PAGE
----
When you try to conjure up an image of the type of person who lives out of a backpack, you might imagine a dread locked, unwashed, disheveled, drug abusing, penniless, hippy type. While some might agree with you, it might be better to describe that kind of person as someone who merely survives out of a backpack, rather than living life to the full extent, living it up, large as life out of a backpack.

Would you be surprised to find that there are people, wandering around countries, traveling from country to country, staying a few days here, a few weeks there, living out of a backpack, who are self-made millionaires and who continue to build and sell profitable business as they live out of their backpacks? How is it possible?

The world is changing every day. It’s a different place than it was five years ago. Lifestyles have changed incredibly in developed countries over the last fifteen years. The internet is everywhere. Everyone has a smartphone. There’s an app for everything. You can do business with someone on the other side of the world in real time, having online conversations, working on the same projects, exchanging money and data. You can get by without humans but you rely on machines.

When you decide to live out of a backpack, you need to think about where you might end up, especially in terms of climate. You need to protect your belongings from the elements as much as possible. Nothing should be irreplaceable, but having to replace anything might be a nightmare.

First up, you need to get vaccinated against all the nasty diseases to which you could succumb in the deepest jungle or the fieriest desert. Buy worldwide health insurance if possible, to avoid any nasty unexpected hospital bills.

Next, pack your passport, cards, currency and other documentation in a safety belt which stays under your shorts or pants, in case you lose your backpack or end up getting pick pocketed or mugged. You might also decide to keep your smartphone in the same place. Make sure your smartphone has been unlocked so that it can take foreign sim cards.

Your clothes should reflect the climatic conditions you expect to have to deal with. You’ll usually need something to keep the water off you from time to time if it rains a lot. A hat and sunglasses, plus long sleeved, light material tops are the way to go in hot climates. In your bag, you pack two changes of clothes. When you stop for a few days somewhere, you have one set of clothing to wear, one to wash and one being dried each day. There is no point in packing soap as this can be found in one form or another in most places.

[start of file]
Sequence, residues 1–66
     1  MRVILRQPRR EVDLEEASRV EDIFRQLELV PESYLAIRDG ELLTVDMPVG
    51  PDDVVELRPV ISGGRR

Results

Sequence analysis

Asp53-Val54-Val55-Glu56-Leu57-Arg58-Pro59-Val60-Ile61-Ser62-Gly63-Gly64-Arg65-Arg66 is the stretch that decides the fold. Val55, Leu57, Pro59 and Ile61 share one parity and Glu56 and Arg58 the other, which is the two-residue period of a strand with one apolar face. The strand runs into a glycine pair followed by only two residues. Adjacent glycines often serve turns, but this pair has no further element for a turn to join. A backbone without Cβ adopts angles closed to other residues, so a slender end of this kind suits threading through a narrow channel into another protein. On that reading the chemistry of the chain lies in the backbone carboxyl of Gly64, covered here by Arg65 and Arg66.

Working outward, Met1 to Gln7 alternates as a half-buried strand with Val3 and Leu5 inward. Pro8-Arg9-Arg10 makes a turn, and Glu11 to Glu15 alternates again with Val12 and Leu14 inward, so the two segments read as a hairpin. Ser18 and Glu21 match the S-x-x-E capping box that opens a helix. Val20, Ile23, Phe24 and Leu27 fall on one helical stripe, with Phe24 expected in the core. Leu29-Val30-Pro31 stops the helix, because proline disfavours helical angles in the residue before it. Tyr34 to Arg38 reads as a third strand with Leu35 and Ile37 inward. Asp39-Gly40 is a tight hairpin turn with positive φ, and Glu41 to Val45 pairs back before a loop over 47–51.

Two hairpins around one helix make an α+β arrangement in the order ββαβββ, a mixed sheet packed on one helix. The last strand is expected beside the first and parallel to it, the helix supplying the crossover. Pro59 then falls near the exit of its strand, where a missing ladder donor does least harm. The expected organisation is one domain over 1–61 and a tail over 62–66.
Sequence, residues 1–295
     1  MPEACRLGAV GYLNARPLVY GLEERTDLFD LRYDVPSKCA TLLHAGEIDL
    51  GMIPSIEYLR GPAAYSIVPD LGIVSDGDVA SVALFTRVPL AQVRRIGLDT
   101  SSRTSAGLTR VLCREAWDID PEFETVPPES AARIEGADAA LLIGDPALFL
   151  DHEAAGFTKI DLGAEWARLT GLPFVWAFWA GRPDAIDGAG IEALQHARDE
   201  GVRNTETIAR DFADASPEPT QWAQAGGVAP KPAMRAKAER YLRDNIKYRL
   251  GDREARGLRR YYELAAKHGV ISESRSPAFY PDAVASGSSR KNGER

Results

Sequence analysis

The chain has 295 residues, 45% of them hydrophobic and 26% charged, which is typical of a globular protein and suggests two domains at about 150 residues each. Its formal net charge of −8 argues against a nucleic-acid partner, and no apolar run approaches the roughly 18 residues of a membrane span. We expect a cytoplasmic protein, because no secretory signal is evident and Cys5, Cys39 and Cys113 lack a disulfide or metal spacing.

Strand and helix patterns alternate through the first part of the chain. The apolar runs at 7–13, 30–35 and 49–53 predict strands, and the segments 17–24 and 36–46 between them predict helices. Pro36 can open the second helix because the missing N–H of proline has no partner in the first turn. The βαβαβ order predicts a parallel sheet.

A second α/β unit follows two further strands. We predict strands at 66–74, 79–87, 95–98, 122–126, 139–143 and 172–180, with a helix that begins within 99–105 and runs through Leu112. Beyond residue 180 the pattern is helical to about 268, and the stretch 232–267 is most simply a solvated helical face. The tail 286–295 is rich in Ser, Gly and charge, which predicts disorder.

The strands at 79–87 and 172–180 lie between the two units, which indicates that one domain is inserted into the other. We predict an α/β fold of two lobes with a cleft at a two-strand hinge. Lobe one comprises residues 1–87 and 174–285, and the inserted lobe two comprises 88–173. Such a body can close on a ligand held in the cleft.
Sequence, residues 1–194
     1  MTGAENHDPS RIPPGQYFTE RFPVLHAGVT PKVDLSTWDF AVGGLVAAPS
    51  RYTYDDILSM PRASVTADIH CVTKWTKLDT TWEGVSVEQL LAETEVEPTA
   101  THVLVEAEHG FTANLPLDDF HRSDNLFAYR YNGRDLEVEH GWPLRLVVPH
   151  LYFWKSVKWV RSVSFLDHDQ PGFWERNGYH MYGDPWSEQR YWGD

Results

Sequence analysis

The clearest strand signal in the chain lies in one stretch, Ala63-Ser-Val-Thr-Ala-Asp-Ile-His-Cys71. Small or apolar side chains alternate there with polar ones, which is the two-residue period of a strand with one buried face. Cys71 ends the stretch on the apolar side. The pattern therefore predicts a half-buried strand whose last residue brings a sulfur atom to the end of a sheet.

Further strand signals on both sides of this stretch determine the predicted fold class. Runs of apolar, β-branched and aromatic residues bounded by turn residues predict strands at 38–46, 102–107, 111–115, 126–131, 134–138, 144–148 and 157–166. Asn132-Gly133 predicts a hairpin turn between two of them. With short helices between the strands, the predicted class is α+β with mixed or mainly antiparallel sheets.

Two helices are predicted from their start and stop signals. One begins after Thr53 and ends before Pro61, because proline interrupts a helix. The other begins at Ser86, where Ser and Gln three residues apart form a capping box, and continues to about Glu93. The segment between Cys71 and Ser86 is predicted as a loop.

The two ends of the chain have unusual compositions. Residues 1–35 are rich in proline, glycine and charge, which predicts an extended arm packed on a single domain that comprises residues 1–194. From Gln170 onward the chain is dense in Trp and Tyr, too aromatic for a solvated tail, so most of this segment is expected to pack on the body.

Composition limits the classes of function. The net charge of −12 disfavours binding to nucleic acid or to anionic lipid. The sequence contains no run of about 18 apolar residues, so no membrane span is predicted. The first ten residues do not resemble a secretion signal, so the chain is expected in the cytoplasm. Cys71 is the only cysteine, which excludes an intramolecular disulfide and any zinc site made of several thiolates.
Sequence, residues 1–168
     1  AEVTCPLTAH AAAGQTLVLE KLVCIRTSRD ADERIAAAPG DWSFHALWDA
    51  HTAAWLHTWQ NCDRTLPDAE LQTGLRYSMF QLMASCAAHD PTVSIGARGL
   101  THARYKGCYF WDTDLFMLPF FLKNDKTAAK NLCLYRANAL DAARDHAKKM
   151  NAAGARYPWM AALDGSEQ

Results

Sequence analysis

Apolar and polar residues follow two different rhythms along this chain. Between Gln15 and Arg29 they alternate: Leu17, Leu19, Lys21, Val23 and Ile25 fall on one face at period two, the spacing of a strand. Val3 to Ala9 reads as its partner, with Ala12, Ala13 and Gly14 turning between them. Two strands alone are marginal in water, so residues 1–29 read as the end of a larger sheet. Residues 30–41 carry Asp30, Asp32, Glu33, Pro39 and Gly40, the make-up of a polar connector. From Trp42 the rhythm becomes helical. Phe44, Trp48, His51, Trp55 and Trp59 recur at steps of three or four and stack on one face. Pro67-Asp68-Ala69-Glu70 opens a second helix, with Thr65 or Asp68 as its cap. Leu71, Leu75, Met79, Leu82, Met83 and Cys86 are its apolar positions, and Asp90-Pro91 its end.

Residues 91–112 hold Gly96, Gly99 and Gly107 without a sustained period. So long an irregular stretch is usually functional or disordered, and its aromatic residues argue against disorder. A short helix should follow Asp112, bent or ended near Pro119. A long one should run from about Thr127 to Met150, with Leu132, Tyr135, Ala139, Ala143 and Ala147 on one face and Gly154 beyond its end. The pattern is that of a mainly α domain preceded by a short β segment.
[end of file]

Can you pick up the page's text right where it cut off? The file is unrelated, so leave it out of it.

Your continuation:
The most important thing you will pack is your laptop. It’s from here that you will conduct your business, do your work, connect to the internet, transfer money and do your banking. Ensure the laptop is physically protected from the elements as well as protected from hackers, viruses and thieves. Have encrypted backups of your data somewhere you can get access to it, perhaps on another server or on a small USB stick.  Think about where and how you’ll connect to the internet and make provision for it.

Pack some items for basic hygiene, such as a toothbrush etc. plus any medication and basic first aid items. Be aware that these items may give you problems when trying to pass through airport security and you may have them taken off you.

If you want to travel more independently, avoiding planes, trains and buses, and sleeping outdoors regularly, you can buy a fold-up bike like these ones at Cycling Plaza. You will need to take a puncture repair kit, too which will add more weight to your backpack, but it shouldn’t be too difficult to carry around. The idea is to ride it more than you carry it anyway. Lastly, you’ll need to protect yourself from bugs and the elements when you sleep. Most tents, even the smallest ones are cumbersome and so you’ll have to create part of your shelter, but using a mosquito net, a sleeping bag, your clothes and your hat, after you have chosen a sensible place to sleep with natural protection, should enable you to get the rest you need.

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When you try to conjure up an image of the type of person who lives out of a backpack, you might imagine a dread locked, unwashed, disheveled, drug abusing, penniless, hippy type. While some might agree with you, it might be better to describe that kind of person as...